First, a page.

Rights4Girls Blog

Because every girl deserves to be safe.


Washington, District of Columbia, United States
December 31
Director of Policy and Advocacy
Human Rights Project for Girls
Human Rights Project for Girls is a human rights organization dedicated to protecting the rights of vulnerable young women and girls in the U.S.

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MARCH 8, 2012 1:15PM

5 Things I've Learned from Girl Survivors of Sex Trafficking

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By Jessi Leigh Swenson

In celebration of International Women’s Day “Connecting Girls, Inspiring Futures,”  Here’s some of the biggest lessons that I and my fellow advocates at Human Rights Project for Girls have learned in our work with young women and girls who are survivors of domestic sex trafficking.  

1. Inner strength is sometimes all you’ve got, and it can be enough. The girls we’ve worked with have all been in some of the darkest places imaginable.  In hotel rooms, trapped, being sold against their will to 10 or more men a night.  In ice baths, punished by their domineering traffickers.  In car trunks.  Raped and beaten. Sometimes tattooed like cattle with their trafficker’s ownership insignia.  These dark places are just a few miles from where you are now.  As heartbreaking and stomach-turning as it is to hear a young woman recount experiences like this, there is a point at which her story changes.  The point at which she ran, or was rescued, or somehow got out.  “All I knew was that I was worth more than this,”  I remember one girl saying.  She ran.  Her strength and dignity outshone every dark place she had ever seen.  We have to think that every girl has that chance, that light, within her.

2. Lived experience can be more powerful than all the charts and graphs in the world.  I will never forget witnessing a 16 year old girl who I’ll call “J” telling her story to policymakers in a capitol hill meeting room.  She stood up and, with a clear voice and her neck straight,  told a devastating tale of a childhood punctuated by sexual violation, her parents dying of AIDS before her eyes, and sexual abuse in foster care placements. J ran from foster care, and then was sexually trafficked from the age of 11 in California and nearby states.  After bravely telling her story, she looked every person in that room in the eye and said “girls like me are our future and you are telling us we aren’t worth anything.”  There was not a dry eye in the room full of policy wonks and administration leaders.  It was one of the most powerful moments that any of us as advocates have ever seen.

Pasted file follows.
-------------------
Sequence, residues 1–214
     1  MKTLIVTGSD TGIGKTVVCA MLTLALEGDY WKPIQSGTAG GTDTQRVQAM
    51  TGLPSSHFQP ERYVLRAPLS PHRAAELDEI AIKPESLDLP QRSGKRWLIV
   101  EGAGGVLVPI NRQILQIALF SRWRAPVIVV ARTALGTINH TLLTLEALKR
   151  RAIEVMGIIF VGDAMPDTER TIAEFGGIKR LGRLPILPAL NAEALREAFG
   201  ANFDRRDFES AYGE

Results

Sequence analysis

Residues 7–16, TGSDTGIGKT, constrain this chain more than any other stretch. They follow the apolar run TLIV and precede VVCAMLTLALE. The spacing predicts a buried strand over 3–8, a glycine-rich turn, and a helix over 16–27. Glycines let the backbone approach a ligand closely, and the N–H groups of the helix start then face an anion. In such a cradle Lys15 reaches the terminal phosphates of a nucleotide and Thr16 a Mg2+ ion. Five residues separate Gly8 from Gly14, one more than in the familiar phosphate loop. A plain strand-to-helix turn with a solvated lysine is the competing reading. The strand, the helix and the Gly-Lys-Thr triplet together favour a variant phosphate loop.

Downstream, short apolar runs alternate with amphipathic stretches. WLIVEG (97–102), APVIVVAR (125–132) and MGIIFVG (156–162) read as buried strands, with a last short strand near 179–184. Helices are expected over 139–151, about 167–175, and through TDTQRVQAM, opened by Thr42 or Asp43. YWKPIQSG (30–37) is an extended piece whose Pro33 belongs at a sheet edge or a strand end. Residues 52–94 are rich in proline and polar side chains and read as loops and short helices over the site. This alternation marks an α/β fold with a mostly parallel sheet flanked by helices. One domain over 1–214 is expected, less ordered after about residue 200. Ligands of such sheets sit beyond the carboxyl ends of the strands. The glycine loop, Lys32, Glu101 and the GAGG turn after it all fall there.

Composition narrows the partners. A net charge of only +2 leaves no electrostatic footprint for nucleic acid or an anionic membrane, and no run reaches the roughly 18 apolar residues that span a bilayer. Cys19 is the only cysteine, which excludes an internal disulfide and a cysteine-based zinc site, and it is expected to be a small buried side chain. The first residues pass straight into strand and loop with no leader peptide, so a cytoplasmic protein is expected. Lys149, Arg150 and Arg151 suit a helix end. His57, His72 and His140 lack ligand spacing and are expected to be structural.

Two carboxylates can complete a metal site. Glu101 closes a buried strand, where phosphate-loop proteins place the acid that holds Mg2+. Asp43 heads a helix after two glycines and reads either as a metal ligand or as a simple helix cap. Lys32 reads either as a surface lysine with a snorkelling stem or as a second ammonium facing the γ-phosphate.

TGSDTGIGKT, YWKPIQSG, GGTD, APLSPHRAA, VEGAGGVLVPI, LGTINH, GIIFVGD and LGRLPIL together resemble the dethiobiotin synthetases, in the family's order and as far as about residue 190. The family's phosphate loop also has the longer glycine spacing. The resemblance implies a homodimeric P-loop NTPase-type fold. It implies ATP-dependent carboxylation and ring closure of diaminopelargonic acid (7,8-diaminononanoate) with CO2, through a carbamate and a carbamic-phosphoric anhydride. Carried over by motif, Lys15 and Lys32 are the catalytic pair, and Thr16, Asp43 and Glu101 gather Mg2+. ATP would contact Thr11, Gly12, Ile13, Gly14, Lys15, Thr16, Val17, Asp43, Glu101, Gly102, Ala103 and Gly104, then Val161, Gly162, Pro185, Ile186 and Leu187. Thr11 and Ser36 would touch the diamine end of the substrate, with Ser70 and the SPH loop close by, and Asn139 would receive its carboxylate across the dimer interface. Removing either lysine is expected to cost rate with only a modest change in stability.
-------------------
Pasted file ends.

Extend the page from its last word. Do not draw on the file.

3. The value of voice.  As educated women with access to blogs and policymakers, we can sometimes take our voices for granted.  It’s important to learn just how much that our voices are worth. Girls who have been invisible their whole lives have never had anyone listen, have never had anyone honor their stories.  

4. Girls are our future.  It’s an obvious statement. Of course girls are our future.  But when you say that you have to mean every girl is our future.  From the first girl to the last.  That girl in the seedy hotel room? That girl in juvenile detention for truancy?  They are our future too, and we must claim them as our own.

5. Sometimes you set out to change a person’s life, and you end up changing your own.  As a group of human rights and women’s rights advocates, we started working with girl survivors because we wanted to give them a chance to find their voices and transform policies.  We wanted to change their lives for the better. But then something else happened.  We changed.  As advocates for women’s rights and justice we realized we must do this work.  We saw there was so much to be done for vulnerable young women and girls in the U.S.  So we came together, and in the name of the “J”s of this world, we started Human Rights Project for Girls.  And on this International Women’s Day, we salute the strength of girls and young women in the U.S. and honor the lessons they have given us. 

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